I’ve been in bed since Tuesday morning and am in bed now. I have the flu or a cold. Or, virus or a bacteria. I never know the difference between any of them. I will record here some of what I’ve been thinking, while sick.

I’m tired of reading.

I’m tired of staring at the ceiling.

I’m tired of my iPhone.

I think I got this thing from hugging and kissing mom on Monday. She was sick. But I was not going to not hug or not kiss her.

Here are my symptoms.

Body temperature off. I’m hot then cold then hot then cold. And clammy. I put covers on. Then I get too hot. I take them off to cool myself. Then I get too cold. Three days of this. On, off, on, off.

Lungs hurt. Only when I cough. They feel tender. And I feel that tenderness often because every minute or two I cough, suddenly and uncontrollably. It’s a dry cough. No phlegm. (I didn’t know how to spell phlegm. I spelled it phlem but spell check corrected it.)

Lethargic. I feel bored. Frustrated. Depressed a bit. Just getting out of bed is hard. 

When we get sick it never feels relaxing. I sit and think about all the things I should be getting done. Then I feel like I’m being held hostage by the flu or cold or virus or bacteria, or whatever this (damn) thing is.

And when we get sick, there are so many “remedies” you hear about. My Dad always makes a caldo, which is either Spanish for soup, or Spanish for the specific kind of soup he always makes (a kind with with ground beef mixed with rice, and cabbage and cumin and other vegetables). 

He swears by caldo.

He also swears by eating really hot chili peppers because it “burns it out of you.”

I’d rather be sick.

Some recommend chicken soup.

And you will always hear someone tell you about amazing supplements or herbs or over the counter cure-all amagalmations of god knows what.

And with google, you can click your way to countless supplements or herbs or over the counter cure-all amalgamations of god knows what. 

Usually for a fee.

I don’t buy any of them.

Quick fix society. Snake oil fads. Just add water remedies.

I do buy the trusted remedies that doctors recommend and that come from credible sources (mayo clinic, nih, etc.). Those remedies are not anecdotal. They usually reduce to lots of rest and drinking lots of fluid.

Many people buy the whole vitamin C/ascorbic acid or Emergen-C or zinc hoax. But if you’ve got the flu or cold or virus of bacteria, none of it helps, according to this article in The Huffington Post:

“…if participants started taking vitamin C after the cold had already started, the nutrient didn’t have any effect on the symptoms or the length of the illness, concluded the National Institute of Health.”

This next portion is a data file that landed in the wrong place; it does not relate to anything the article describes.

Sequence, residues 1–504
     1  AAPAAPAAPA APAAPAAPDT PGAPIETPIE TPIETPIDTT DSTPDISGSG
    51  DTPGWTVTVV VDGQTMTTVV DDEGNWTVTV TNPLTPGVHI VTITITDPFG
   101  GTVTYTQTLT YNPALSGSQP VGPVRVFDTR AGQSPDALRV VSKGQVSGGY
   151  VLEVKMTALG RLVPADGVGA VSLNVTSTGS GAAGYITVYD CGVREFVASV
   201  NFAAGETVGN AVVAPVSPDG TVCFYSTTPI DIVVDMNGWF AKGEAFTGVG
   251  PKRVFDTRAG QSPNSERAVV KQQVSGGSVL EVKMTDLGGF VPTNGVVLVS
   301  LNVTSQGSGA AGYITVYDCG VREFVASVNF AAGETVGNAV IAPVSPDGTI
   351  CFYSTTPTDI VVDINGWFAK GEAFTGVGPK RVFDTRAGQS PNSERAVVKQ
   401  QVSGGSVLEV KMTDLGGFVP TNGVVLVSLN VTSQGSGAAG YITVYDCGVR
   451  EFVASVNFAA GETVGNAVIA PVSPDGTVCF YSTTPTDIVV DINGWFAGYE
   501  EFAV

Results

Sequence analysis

In my twenties, I bought into it all. I remember watching the Nobel laureate, Linus Pauling on 60 Minutes. He had concluded that vitamin C was the cure all and would lead, it sounded like at the time, to near immortality. It was the wonder drug. There he was in his amazing home somewhere in the woods overlooking the ocean (if I remember correctly). And he was scooping this powder and drinking it. And I think he had a blue oxford and a beard and looked like the quintessential (surprisingly I didn’t need spell check for that one) genius scientist.

So I was soon downing vitamin C whenever I could. I bought the tasty chewable tablets. I downed the pills with more milligrams. I drank lots of orange juice.

They later discovered that it was all BS. Pauling was wrong about the benefits of vitamin C.

But the remnant of his discovery is still around with the Emergen-C craze out there.

Somebody always has some homespun herb or soup or supplement but there’s no way to know if it worked or not because there’s no way to know how quickly you would have recovered without the homespun herb or soup or supplement.

Everyone needs to understand that logical fallacy of affirming the consequent to prevent against hoaxes and conspiracy theories.

It’s supposed to rain tomorrow. The rain gutters were filled with leaves from our three Elm trees. Last rainstorm I forgot to clean them out. And water was pouring down from everywhere. And there were plants growing out of the gutters.

Until the gardeners came this morning. And I didn’t want to ask them to clean them out because, well, I’m funny that way — their job is to trim things and blow leaves, but not compensate for my irresponsibility.

So I crawled out of bed. Shivering in the freezing morning air. No, not freezing, but 50 degrees when you have this felt like freezing.

I got out the ladder. Climbed. Then scraped them out by hand. Took about 20 minutes. And it was not merely leaves in the rain gutter; it was sludge. Decomposed Elm leaves with dirt and water.

Here’s the after shot.

There’s something that happens to our minds when we decide to get out of bed. Even when we have the flu or cold or virus or bacteria. Our mind does something different when we work with our hands in the cold on a ladder.

Manual labor is good for the soul. Sometimes even when you’re sick.

If I start feeling better today I’m going to recommend a new remedy for people with the flu or cold or virus or bacteria.

Clean out your rain gutters.

Or maybe rub mucky Elm leaf sludge all over your hands and arms to cure your flu or cold or virus or bacteria.

Yesterday, Gina did make me the most amazing organic chicken soup (with cloves I think) and she spent hours perfecting it.

Whether the organic chicken soup with cloves makes a difference or not the best thing about being sick is if you’re lucky enough to have someone care for you.

It almost makes getting sick worth it.

Then I have these thoughts.

Sometimes, there are no quick fixes in life. 

Everyone has an opinion on how to get rid of pain, but sometimes we just need to wait it out.